Here is an honest conversation between two deeply committed men of faith, an Evangelical pastor and a Catholic priest, about their shared faith in Jesus Christ. I recommend this resource to all who are interested in Christian unity, in keeping with a prayer of Jesus himself that his disciples be one as he and the Father are one, so that the world may believe.

--Timothy George, Dean
Beeson Divinity School
Christianity Today, Senior Editor

NeuhausAn astonishingly honest, lucid, and winsome conversation about what unites and divides Catholics and Protestants. Father Riccardo and Pastor Andrews exemplify the kind of encounter made possible and necessary by the fact that we are, in the words of Evangelicals and Catholics Together, "brothers and sisters in Christ."
--Rev. Richard John Neuhaus
Editor in Chief, FIRST THINGS

Tom AllenThe fact that a prominent Evangelical admits that Protestants have long misunderstood a range of key Catholic teachings is noteworthy. The fact that a Protestant church has produced this barrier-breaking interview is astonishing.

--Tom Allen
Editor & President
Catholic Exchange

MartinHeadOnlyThis is a great tool for the Kingdom of God. It can bring peace to the body of Christ in a beautiful way. Every Evangelical pastor needs to see this DVD. I do not have the words to say how important this is.

--Rev. Martin Lombardo
Evangelical Missionary
Jesus Cares Ministries


Kensington Community Church, a large non-denominational, Evangelical-Protestant church was growing by leaps and bounds under the leadership of founding pastor Steve Andrews.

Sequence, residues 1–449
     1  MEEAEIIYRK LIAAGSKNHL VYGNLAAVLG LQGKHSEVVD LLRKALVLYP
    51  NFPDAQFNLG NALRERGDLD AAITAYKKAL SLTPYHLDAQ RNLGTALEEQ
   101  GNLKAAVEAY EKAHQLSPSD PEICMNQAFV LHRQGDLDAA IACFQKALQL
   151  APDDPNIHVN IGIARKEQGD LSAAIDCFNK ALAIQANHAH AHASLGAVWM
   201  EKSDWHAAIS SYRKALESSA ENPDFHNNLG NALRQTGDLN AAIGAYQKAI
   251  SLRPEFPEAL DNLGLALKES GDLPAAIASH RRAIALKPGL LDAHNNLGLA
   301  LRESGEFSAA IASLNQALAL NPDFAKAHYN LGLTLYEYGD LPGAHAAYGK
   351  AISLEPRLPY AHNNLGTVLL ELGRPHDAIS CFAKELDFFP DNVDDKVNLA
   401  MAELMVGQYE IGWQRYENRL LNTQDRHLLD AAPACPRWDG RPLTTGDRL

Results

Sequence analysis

Many of those attending Kensington were disgruntled ex-Catholics. Concerned that these former Catholics were inaccurate and uncharitable in their assessment of Catholicism, Kensington's Spiritual Formation Director (Dan Kopp) started a mid-week small group in his home to talk about the common ground shared by Roman Catholics and Evangelical Protestants. He refused to allow any Catholic bashing. Dan, a lapsed Catholic himself, also created a "Pastors & Priests" seminar that he taught at Kensington, which examined at what Catholics and Protestants believe and why - topics included the Pope, the Virgin Mary, Confession, and Purgatory. The seminar was so popular Kensington's leadership decided to get a Catholic Church and a priest involved.

In the Spring of 2006, hundreds of members from Kensington gathered with members of nearby St. Anastasia Catholic Church (pastored by Fr. John Riccardo), for a "dialogue." Held at St. Anastasia, an SRO crowd showed up. During the two-plus hour event, Bobby Hesley, a Catholic apologist and Dan Kobb presented short talks on the differences between the two faith traditions. It was not a debate, but a respectful pairing of presentations about how Evangelical-Protestants and Roman Catholics understandings differ on the subjects of "Divine Revelation," "The Eucharist," and "Salvation."

On another evening, shortly after the first, Fr. Riccardo spoke from the Kensington stage along with Kensington staff on "The Da Vinci Code: Fact or Fiction."
So successful were the first two gatherings, that the leaders at Kensington wanted Fr. Riccardo to come and be interviewed during their Sunday morning services. But because Fr. Riccardo was busy with Sunday Masses, they decided to videotape an interview and use that in their services. A 1-hr. 48-min. interview resulted. In addition to answering Protestant objections to Catholicism put to him by Pastor Andrews, Fr. also suggests some important things that Catholics can learn from Protestants.

Large portions of the interview were played before the Kensington congregation on two Sunday mornings, and over the next few weeks over 2,000 copies of the interview on DVD were sold through the Kensington Church's bookstore.

Fr. John Riccardo's explanations of Catholicism were later reviewed and approved as being faithful to the magisterial teachings of the Roman Catholic Church by Robert Fastiggi, a theologian at Detroit's Sacred Heart Major Seminary, and later by the theologians at EWTN.

Contact Information


Kensington Community Church - 248-786-0655
Karl Nilsson x-700, Director of Communications

St. Anastasia Roman Catholic Church - 248-689-8380

Nineveh's Crossing Distribution - 1- 877-606-1370